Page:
With HSBC's announcement that it will lay off 25,000 workers, sell its Brazilian and Turkish businesses, and separate its retail operations from its investment banking in the United Kingdom, you could be forgiven for thinking that the financial sector is in some kind of trouble again, or that regulators have forced the industry to cede some of its stake in the global economy. You'd be wrong.
At least in this country, finance is back and feeling better than ever, as Neil Irwin wrote in the New York Times last month:
Seven years after a crisis that shook Wall Street to its core, the financial sector’s economic imprint has largely recovered. The number of people working in the securities business nationally has returned to 2007 levels, as has the gap between the compensation of Wall Street workers and that of everyone else. The financial sector as a whole is reporting profits that are as large a share of the overall economy as in the early 2000s and more than double their average level over the 70 years ended in 1999.
National and investment banks, though, are the ones that have enjoyed this success, not the behemoth international firms such as HSBC that have simply proven too cumbersome to manage, the Economist explained earlier this year. The costs of global scale outweigh the benefits, it turns out:
The panic about global banks reflects their weak recent results: in aggregate the five firms mentioned above reported a return on equity of just 6% last year...
There is a growing fear that the costs of global reach — in terms of regulation and complexity — exceed the potential benefits.
It all seemed far rosier 20 years ago. Back then banks saw that globalisation would lead to an explosion in trade and capital flows. A handful of firms sought to capture that growth. ...
These giant firms proved hard to manage. Their subsidiaries struggled to build common IT systems, let alone establish a common culture. Synergies have been elusive and global banks’ cost-to-income ratios, bloated by the costs of being in lots of countries, have rarely been better than those of local banks. As a result these firms have all too often been tempted to make a fast buck.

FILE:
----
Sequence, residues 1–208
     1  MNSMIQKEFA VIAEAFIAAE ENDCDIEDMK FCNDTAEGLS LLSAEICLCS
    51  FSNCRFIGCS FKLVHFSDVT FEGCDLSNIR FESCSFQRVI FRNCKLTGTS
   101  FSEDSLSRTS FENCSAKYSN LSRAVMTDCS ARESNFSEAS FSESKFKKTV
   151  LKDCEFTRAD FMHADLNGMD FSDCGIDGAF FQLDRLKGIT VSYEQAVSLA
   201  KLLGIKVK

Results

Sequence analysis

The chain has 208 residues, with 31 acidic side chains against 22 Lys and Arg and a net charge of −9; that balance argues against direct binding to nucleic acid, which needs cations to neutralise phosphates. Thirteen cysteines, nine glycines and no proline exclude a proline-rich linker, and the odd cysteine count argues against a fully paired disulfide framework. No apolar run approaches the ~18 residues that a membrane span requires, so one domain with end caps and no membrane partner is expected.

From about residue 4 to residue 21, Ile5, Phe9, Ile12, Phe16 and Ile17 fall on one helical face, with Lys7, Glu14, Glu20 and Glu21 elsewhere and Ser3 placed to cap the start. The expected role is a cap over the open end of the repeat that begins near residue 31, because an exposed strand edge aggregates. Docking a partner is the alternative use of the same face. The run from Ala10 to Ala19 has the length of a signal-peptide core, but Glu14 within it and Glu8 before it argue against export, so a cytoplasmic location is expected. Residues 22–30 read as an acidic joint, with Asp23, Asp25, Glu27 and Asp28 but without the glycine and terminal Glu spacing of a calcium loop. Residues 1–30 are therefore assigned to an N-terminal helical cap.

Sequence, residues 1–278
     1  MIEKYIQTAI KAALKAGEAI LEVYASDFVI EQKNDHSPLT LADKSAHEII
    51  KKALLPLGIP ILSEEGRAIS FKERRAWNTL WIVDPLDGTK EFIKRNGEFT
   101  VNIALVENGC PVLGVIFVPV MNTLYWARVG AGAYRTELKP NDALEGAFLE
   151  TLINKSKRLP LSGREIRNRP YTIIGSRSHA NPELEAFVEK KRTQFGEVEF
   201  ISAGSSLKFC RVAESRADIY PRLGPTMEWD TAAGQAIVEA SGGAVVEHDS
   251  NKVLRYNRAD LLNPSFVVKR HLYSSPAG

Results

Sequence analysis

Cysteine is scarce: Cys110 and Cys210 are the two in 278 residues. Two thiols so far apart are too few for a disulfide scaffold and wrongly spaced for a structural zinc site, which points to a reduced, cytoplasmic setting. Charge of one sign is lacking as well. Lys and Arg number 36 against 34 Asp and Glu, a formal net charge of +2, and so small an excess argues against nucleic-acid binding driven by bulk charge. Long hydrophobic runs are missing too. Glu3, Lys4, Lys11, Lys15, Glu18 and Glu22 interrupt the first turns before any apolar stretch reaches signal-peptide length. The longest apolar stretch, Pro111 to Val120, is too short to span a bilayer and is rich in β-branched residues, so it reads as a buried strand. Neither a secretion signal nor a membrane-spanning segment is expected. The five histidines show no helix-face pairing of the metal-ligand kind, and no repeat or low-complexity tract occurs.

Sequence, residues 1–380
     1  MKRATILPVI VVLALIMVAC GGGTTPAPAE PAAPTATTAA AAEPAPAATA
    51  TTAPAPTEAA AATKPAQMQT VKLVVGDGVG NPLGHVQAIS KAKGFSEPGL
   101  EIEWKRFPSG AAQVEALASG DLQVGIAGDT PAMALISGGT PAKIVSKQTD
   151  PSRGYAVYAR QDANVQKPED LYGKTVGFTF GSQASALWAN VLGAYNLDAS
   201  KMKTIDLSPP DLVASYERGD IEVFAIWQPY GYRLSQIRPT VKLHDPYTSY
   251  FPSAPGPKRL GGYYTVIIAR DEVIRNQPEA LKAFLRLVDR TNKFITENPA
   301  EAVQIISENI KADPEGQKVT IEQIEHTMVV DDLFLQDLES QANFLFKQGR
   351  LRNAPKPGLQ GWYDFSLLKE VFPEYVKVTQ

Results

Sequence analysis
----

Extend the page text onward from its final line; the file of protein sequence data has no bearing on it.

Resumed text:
HSBC, apparently, has not been able to resist that temptation. In case you've forgotten, former Attorney General Eric Holder was explaining why the Justice Department hadn't prosecuted HSBC for its alleged involvement with Mexican drug cartels when he famously said that some banks have become "too big to jail."
If the decision not to prosecute HSBC resulted from its importance to the global financial financial system, that choice looks questionable in retrospect. Maybe a criminal investigation by Holder's staff and the possible loss of HSBC's license to bank in this country would have been the straw that broke the camel's back, or maybe not. It’s clear the firm has serious problems, apart from the actions of regulators here.
HSBC has run afoul of regulators around the world. "Explaining why the bank had failed to hit its previous return on equity target — set when Mr Gulliver took over in 2011 — the chief executive said the performance was undermined by $11.1bn of legal, regulatory and other charges, as well as rising compliance costs and higher capital requirements. HSBC has been hit by fines and compensation for a number of legal scrapes, including rigging foreign exchange markets, breaching US sanctions and money laundering rules, and mis-selling payment protection insurance in the UK." The Financial Times.
"'Cutting 25000 jobs is inevitable consequence of loss of our core business of money-laundering, tax avoidance and Libor manipulation' - HSBC" -- @davidschneider